Labor Day weekend 1969, just two weeks after Woodstock, Lewisville was the location of one of the largest music events Texas had ever seen. The event drew more than 100,000 music fans -- including more than a fair share of colorfully dressed hippies that sparked a bit of controversy among the locals -- for three days of live entertainment at the former Dallas International Motor Speedway (near the modern-day Waters Ridge development) and a smaller free stage on the shores of Lewisville Lake.
The Texas International Pop Festival was headed by promoter Angus Wynne and featured such performers as Led Zeppelin, Janis Joplin, Santana, Sly & the Family Stone, Canned Heat, Grand Funk Railroad, Chicago Transit Authority, Johnny Winter, Sweetwater and B.B. King. According to participants, it was during this event that Wavy Gravy got his nickname. But it was reports of nude bathing in the lake and easily obtained narcotics that fascinated (and scandalized) much of the public outside the concert grounds.
An official Texas Historical Marker was installed at the A-train Hebron Station in 2011. To read more about the marker and other historical markers around Lewisville visit the Historical Markers webpage.
| Historical documents courtesy of the family of Murphy Martin,
former longtime news anchor for WFAA Channel 8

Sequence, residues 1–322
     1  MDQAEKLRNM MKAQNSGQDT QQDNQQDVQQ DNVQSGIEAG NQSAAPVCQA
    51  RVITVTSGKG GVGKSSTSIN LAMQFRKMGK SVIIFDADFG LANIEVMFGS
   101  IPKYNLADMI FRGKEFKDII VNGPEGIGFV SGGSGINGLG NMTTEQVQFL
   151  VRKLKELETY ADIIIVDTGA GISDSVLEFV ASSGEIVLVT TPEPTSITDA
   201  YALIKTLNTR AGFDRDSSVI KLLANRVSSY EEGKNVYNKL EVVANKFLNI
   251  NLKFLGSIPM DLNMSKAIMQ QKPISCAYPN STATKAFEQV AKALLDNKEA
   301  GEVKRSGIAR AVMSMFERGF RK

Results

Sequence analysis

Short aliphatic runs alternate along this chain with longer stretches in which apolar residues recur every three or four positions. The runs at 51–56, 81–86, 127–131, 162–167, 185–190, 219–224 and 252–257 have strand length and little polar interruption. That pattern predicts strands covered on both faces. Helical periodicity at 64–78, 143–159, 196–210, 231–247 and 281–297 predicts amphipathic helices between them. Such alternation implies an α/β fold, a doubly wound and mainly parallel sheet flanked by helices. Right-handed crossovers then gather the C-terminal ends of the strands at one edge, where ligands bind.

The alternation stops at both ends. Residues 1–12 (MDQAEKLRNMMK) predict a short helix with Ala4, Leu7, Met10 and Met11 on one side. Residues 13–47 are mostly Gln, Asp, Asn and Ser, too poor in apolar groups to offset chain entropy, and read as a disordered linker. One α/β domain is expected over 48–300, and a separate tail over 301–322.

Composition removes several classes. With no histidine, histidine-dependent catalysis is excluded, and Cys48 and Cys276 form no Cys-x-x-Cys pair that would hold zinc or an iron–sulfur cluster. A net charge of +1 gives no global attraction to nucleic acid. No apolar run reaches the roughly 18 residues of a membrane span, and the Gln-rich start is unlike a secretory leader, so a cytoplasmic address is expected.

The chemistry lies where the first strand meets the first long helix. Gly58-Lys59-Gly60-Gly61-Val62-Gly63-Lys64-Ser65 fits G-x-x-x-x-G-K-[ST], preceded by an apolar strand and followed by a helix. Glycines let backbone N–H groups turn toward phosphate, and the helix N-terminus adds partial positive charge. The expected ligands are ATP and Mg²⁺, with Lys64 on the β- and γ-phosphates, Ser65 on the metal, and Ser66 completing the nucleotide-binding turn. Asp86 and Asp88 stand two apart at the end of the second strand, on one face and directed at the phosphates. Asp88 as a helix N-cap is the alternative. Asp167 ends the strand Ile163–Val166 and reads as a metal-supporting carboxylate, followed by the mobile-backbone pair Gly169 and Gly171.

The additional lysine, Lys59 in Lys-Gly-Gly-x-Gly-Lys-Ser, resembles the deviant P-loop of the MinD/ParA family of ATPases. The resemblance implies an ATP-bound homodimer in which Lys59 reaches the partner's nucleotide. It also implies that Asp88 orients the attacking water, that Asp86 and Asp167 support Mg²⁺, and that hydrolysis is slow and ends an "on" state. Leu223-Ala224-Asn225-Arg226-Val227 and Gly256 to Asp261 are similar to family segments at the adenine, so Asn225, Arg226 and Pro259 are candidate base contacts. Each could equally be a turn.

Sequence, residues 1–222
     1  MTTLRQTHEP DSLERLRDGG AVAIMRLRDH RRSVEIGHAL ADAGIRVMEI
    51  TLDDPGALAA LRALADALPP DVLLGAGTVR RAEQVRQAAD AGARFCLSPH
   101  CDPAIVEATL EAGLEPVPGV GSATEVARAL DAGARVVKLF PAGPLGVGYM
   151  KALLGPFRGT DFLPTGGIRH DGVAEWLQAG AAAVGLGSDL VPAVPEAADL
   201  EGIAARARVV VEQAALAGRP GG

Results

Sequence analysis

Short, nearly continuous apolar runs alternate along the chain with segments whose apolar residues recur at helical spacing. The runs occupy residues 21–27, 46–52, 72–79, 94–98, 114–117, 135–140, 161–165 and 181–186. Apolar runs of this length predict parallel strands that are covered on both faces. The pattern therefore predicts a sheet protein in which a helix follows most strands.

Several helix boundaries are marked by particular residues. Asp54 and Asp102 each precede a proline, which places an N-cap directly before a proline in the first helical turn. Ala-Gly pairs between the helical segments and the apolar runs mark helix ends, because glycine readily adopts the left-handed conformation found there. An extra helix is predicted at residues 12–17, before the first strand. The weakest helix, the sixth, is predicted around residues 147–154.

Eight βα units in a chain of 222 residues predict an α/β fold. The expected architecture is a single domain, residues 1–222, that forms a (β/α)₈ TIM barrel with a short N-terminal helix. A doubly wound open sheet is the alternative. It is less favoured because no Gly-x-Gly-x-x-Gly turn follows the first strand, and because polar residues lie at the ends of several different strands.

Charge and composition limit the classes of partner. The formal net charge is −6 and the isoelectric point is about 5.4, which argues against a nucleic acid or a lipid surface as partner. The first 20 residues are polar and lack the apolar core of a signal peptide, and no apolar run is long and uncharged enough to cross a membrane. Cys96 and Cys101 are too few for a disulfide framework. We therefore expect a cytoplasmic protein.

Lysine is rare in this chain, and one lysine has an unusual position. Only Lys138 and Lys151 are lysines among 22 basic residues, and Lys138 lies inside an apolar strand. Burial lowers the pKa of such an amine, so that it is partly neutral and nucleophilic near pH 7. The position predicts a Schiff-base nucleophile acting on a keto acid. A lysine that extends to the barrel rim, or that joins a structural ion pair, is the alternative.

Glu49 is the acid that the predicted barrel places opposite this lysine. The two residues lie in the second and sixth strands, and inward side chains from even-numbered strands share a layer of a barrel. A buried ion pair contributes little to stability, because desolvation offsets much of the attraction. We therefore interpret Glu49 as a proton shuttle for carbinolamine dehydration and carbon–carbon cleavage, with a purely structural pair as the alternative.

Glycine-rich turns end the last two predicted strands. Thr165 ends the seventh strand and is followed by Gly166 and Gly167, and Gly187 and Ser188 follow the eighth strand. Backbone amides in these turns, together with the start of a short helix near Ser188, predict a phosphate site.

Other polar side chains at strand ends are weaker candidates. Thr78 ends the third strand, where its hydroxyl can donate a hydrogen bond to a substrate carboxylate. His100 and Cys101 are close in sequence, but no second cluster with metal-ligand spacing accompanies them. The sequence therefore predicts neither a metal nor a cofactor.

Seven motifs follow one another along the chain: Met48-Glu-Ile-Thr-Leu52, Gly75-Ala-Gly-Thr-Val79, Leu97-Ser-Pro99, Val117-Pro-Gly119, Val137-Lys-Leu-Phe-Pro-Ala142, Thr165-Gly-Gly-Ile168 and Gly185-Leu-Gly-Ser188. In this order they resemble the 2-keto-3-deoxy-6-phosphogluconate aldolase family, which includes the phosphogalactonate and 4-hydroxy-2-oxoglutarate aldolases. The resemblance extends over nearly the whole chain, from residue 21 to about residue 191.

| MEMORIES OF A ROCK FEST OF OLD: 'LEWD AND LOOSE IN LEWISVILLE'
(Reprint Courtesy of the Fort Worth Star-Telegram)
|Date: June 20, 1997
Writen by DAVE FERMAN, STAR-TELEGRAM WRITER
You may think Blockbuster RockFest '97 is the first major multiday rock festival North Texas has ever seen.
If so, you are wrong.
Back in the hot, heady summer of 1969, just a few weeks after the original Woodstock captured the world's attention, the tie-dyed hippie nation came to town - specifically tiny, unassuming Lewisville.
The Texas International Pop Festival - or, as just about everyone called it, "Lewisville" - brought the counterculture (plus Led Zeppelin, Sly Stone, Grand Funk Railroad, B.B. King, Janis Joplin, Canned Heat and a whole bunch more) to a big field adjacent to the Dallas International Motor Speedway for a Labor Day weekend of music, sunburn, music, skinny-dipping, music, pot, traffic jams, and more music.